Certainly, transnational water sharing is a complicated subject. In our own region, the sharing of water between states and provinces has been an emotive issue, as evidenced by the disputes over the Kalabagh dam between the Pakistani provinces of Punjab and Sindh, and the Kaveri dispute between Tamil Nadu and Karnataka. There is no denying that Pakistan’s water challenges are real, notwithstanding the dubious causes suggested. And it behooves India, as a neighbour, to help Pakistan address some of these challenges, where possible.

However, one must recognise that Pakistan’s water problems are its own and that to a great extent, the solutions to these problems lie in Pakistan. India cannot be expected to display magnanimity towards Pakistan when Pakistan itself has not demonstrated a basic desire to tackle structural and governance issues in water management. [Pragati]

Read the article in its entireity in Pragati ( PDF; Web page).

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Battle of Paani-pat

Where is the need for such magnanimity?

John Briscoe’s piece entitled “War or Peace on the Indus” was published on The News a couple of weeks ago, but only came to my attention via The Interpreter.  Prof. Briscoe contends the following with regard to what he believes is an issue of perception (emphasis added):

Living in Delhi and working in both India and Pakistan, I was struck by a paradox. One country was a vigorous democracy, the other a military regime. But whereas an important part of the Pakistani press regularly reported India’s views on the water issue in an objective way, the Indian press never did the same.

I never saw a report which gave Indian readers a factual description of the enormous vulnerability of Pakistan, of the way in which India had socked it to Pakistan when filling Baglihar. How could this be, I asked? Because, a journalist colleague in Delhi told me, “when it comes to Kashmir – and the Indus Treaty is considered an integral part of Kashmir — the ministry of external affairs instructs newspapers on what they can and cannot say, and often tells them explicitly what it is they are to say.

This apparently remains the case. In the context of the recent talks between India and Pakistan I read, in Boston, the electronic reports on the disagreement about “the water issue” in The Times of India, The Hindustan Times, The Hindu, The Indian Express and The Economic Times. Taken together, these reports make astounding reading. Not only was the message the same in each case (“no real issue, just Pakistani shenanigans”), but the arguments were the same, the numbers were the same and the phrases were the same. And in all cases the source was “analysts” and “experts” — in not one case was the reader informed that this was reporting an official position of the Government of India.

Equally depressing is my repeated experience – most recently at a major international meeting of strategic security institutions in Delhi – that even the most liberal and enlightened of Indian analysts (many of whom are friends who I greatly respect) seem constitutionally incapable of seeing the great vulnerability and legitimate concern of Pakistan (which is obvious and objective to an outsider). [The News]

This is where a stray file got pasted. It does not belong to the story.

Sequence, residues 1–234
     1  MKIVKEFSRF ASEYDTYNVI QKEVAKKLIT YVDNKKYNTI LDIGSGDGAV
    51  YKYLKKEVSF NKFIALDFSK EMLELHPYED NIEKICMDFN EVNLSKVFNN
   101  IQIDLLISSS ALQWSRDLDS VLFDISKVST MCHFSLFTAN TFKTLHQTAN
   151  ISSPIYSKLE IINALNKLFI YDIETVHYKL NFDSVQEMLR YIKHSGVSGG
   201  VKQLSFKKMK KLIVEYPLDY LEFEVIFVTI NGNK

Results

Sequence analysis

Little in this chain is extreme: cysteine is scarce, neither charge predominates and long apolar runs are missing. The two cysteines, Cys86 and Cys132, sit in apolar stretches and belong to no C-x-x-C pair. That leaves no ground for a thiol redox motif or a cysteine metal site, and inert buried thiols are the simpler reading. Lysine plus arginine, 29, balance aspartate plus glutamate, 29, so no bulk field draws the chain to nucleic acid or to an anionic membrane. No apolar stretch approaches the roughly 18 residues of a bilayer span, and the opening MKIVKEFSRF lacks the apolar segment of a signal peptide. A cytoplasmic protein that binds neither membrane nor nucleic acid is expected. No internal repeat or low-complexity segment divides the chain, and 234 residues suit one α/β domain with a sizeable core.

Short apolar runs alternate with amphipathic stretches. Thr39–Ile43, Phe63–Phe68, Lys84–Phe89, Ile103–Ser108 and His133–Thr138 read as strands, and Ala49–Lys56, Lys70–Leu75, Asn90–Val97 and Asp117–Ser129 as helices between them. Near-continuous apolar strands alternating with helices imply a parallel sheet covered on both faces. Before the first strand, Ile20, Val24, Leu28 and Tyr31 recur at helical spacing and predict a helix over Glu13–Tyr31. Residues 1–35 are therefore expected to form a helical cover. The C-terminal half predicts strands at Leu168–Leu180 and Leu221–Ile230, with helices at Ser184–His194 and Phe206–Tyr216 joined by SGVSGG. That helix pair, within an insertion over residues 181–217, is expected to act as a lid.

My INI co-blogger at Polaris has a clinical, comprehensive rebuttal of some to the claims made by Prof. Briscoe.  There are a couple of points that I’d like to make, however.

Primarily, with regard to the notion that India’s news media has been coerced by the Ministry of External Affairs (MEA) into presenting a largely “Indian slant” on the issue, “substantiated” by Prof. Briscoe’s claim that data presented by several media houses in India were the same.   Certainly, the numbers were the same.  But only because they were based on factual data, and not on David Copperfield type concoctions disseminated to the world by folks in Pakistan.

The Indus Waters Treaty provided for an arbitration clause in the event of dispute.  Pakistan exercised that right during the Baglihar Dam controversy (and may likely do the same in opposition to the Kishen-Ganga project).  The Neutral Expert upheld some minor Pakistani objections (whereby poundage capacity was reduced by about 14%, and the height of the dam was reduced by 1.5 meters) but Pakistan’s claims on the height and gated control of spillway were emphatically rejected.

The very same Pakistani press, which Prof. Briscoe lauded as having reported “India’s views on the water issue in an objective way,” spun the results of the arbitration and led the Pakistani awam to believe that the World Bank had ruled in favor of Pakistan.  Objective, indeed.

A second point revolved not around the terms of the treaty, but on its spirit, whereby it was contended that India, big brother and upper riparian, show magnanimity towards the smaller, more fragile state. Prof. Briscoe asserts that Indians did not see the great vulnerability and legitimate concern of Pakistan. Had this been the case, India could have, within its right, tapped all 33 million acre feet (MAF) of the eastern rivers and stored 3.6 MAFs of western rivers — it has done neither, allowing Pakistan access to, at the very minimum, 3 MAF not required by the Treaty.  Even the compensation that India is entitled to, per the terms of the treaty hasn’t been sought from Pakistan. Magnanimous enough?

To be sure, both India and Pakistan do need to work out aspects of current dynamics not explicitly addressed by the Treaty, such as water sharing in periods of shortage.  No one denies that Pakistan faces a severe crisis on the water issue.  The solution to this is for Pakistan to try and optimize design and efficiency of existing dams and develop more efficient solutions for water management by partnering with those willing to offer assistance, such as the U.S., via the Signature Energy Program and initiatives provided for by the Kerry-Lugar-Berman legislation.

While Prof. Briscoe may be an expert on water management issues, Pakistan’s accusations have to be considered within the ambit of its antipathy towards India that is, ultimately, its raison d’être.

Numbers and intricacies  can confuse the brightest intellect — simply painting India as the hydra-headed monster stealing water from the honest Pakistani  is a simpler, more direct sales pitch to the awam already reeling from the effects of decades of water mismanagement by its own rulers.